SAN FRANCISCO — Now out of elected office, former Oakland Mayor Jean Quan and her husband, Floyd Huen, are embarking on a new venture: a medical marijuana dispensary.
Quan and Huen, a physician, are partnering with Apothecarium to open a dispensary in the Outer Sunset, in a predominantly Chinese American neighborhood in San Francisco. Apothecarium already operates a dispensary in the Castro, but Huen said there is a great need for one in the Sunset.
Some 3,500 patients live in the Sunset and travel to the Castro dispensary, he said.
“There is no cannabis dispensary that caters to that population right now. Our main interest is to introduce the product to that community,” Huen said Monday.
They believe they have wide support: the majority of voters in the Sunset supported a proposition in 1996 that allowed the use of cannabis for medical purposes and another measure last November which legalized recreational pot in California, Apothecarium spokesman Eliot Dobris said.
“We think just like everyone has access to a pharmacy in their neighborhood the same should be true for medical marijuana,” Dobris said.
If approved by the city and county of San Francisco, the dispensary would open at 2505 Noriega St. Not everyone in the neighborhood has rolled out the welcome mat. A small group of opponents described as conservative activists went to a community meeting at the Taraval Police Station on Thursday, blocking Huen from speaking to local business owners. “They basically hijacked the meeting,” Huen said.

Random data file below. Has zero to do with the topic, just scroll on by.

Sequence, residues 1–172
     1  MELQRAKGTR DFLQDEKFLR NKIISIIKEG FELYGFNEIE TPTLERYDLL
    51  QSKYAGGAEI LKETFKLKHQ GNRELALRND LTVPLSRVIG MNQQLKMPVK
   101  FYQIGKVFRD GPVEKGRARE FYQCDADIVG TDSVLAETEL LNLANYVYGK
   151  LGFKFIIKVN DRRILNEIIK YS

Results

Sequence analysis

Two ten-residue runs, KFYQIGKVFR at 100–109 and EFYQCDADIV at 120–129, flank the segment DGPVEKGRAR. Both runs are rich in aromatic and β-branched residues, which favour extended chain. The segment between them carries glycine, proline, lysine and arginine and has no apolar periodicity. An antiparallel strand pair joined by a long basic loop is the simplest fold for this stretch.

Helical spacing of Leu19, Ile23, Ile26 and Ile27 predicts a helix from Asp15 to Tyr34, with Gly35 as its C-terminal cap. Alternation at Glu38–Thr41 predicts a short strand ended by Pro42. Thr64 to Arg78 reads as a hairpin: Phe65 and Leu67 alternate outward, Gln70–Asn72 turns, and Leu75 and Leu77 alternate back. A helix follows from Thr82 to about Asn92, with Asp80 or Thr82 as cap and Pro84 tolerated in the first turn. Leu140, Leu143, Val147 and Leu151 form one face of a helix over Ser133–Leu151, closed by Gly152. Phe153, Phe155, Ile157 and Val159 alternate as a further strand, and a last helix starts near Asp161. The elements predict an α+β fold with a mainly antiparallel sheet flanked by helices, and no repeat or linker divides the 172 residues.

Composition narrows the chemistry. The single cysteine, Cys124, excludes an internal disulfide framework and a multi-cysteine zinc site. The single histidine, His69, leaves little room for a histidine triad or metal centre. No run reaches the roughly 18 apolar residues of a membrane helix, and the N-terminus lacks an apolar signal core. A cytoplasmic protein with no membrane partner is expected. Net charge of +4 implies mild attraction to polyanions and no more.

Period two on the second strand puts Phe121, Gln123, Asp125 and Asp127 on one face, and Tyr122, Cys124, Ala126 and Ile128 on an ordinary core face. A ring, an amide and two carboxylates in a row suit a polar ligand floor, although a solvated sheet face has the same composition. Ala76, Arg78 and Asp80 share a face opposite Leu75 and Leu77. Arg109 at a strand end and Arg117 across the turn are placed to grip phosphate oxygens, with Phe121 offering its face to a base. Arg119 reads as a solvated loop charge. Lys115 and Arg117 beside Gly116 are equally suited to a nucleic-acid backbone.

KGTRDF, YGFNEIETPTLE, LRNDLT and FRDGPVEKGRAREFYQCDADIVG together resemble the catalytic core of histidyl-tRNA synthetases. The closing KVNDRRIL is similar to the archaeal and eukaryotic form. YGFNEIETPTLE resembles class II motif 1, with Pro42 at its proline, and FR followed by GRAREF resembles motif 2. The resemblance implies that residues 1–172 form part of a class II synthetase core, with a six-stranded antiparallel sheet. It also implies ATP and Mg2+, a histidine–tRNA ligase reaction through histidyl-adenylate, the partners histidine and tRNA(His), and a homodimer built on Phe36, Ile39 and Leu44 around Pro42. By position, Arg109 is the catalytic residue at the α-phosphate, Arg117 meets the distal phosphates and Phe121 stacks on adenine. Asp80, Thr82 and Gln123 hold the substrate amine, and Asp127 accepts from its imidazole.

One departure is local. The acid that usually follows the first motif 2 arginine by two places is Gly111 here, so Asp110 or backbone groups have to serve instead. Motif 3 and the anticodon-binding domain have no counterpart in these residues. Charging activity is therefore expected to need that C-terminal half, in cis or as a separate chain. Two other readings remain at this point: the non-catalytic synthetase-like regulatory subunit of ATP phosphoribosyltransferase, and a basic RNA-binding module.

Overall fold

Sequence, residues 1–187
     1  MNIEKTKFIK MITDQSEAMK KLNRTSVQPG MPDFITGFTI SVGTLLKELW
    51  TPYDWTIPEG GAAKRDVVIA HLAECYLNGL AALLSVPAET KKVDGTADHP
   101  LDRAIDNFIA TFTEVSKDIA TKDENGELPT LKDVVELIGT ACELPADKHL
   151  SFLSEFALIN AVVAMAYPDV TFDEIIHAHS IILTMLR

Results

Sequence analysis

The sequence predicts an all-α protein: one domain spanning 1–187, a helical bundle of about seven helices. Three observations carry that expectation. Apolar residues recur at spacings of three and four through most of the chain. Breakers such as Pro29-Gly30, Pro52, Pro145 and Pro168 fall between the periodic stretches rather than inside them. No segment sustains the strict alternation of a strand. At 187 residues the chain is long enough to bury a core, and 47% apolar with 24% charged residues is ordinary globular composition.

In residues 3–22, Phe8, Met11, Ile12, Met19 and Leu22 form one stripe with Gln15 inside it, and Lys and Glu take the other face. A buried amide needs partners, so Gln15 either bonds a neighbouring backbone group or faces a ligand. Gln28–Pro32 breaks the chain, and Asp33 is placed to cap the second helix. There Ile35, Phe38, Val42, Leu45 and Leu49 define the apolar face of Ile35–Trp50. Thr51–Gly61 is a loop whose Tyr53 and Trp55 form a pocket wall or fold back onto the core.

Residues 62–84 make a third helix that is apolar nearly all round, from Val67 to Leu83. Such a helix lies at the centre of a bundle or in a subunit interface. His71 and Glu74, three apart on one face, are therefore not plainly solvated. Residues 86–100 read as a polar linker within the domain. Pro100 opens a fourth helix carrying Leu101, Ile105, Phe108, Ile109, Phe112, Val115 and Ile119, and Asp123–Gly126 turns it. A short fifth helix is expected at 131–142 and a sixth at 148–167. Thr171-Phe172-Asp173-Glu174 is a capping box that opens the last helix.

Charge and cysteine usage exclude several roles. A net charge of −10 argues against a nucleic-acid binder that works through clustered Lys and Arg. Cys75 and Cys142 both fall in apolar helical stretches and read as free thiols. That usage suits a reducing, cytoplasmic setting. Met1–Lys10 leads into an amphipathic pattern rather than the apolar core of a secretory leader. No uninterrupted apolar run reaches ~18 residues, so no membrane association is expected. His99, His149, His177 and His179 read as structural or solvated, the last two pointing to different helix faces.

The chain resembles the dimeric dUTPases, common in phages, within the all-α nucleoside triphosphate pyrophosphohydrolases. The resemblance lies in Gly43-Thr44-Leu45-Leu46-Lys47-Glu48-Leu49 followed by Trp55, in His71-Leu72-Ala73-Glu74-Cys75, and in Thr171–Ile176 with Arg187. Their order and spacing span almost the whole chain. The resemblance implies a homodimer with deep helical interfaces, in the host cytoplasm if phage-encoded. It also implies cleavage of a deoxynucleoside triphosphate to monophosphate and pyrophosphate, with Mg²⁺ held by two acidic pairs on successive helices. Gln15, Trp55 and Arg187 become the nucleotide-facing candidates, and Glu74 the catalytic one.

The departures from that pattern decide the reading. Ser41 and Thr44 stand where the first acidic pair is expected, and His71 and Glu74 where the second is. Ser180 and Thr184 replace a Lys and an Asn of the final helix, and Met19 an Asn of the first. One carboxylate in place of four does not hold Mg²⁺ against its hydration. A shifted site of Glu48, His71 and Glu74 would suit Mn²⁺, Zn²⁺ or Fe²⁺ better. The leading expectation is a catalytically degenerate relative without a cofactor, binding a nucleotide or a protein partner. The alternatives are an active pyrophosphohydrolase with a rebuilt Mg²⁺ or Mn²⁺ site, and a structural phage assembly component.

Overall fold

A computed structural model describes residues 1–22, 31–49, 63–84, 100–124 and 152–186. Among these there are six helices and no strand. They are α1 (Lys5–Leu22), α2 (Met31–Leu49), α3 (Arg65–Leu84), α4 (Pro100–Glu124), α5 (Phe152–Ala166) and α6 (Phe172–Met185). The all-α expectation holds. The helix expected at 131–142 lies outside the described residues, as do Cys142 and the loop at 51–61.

Frank Lee, of the Pacific Justice Institute, said the organization represents residents concerned that the dispensary would be two blocks away from a child care center. The Southern Poverty Law center has described the institute as an “active anti-LGBT group.”
“The neighbors are very angry about the situation,” Lee said. “I can say that all of the nearby merchants have signed on paper to object to this. Jean Quan and her husband do not respect the people in the Sunset. This is against the will of local residents.”
Quan and Huen have long been supporters of medical marijuana. In 2004, Quan authored the Oakland Medical Cannabis Dispensary legislation, which paved the way for Oakland to become an early supporter of dispensaries. Quan became the Oakland’s first female mayor after winning the 2014 election.
Huen said he began prescribing medical marijuana to patients with chronic pain in 1996 after voters approved Proposition 215, also known as the Compassionate Use Act. Huen, an internal medicine doctor, is a former medical director of Oakland’s Highland Hospital and Over 60 Health Center.
“There is not going to be stoners handing out in front of the store,” he said. “These are your neighbors.”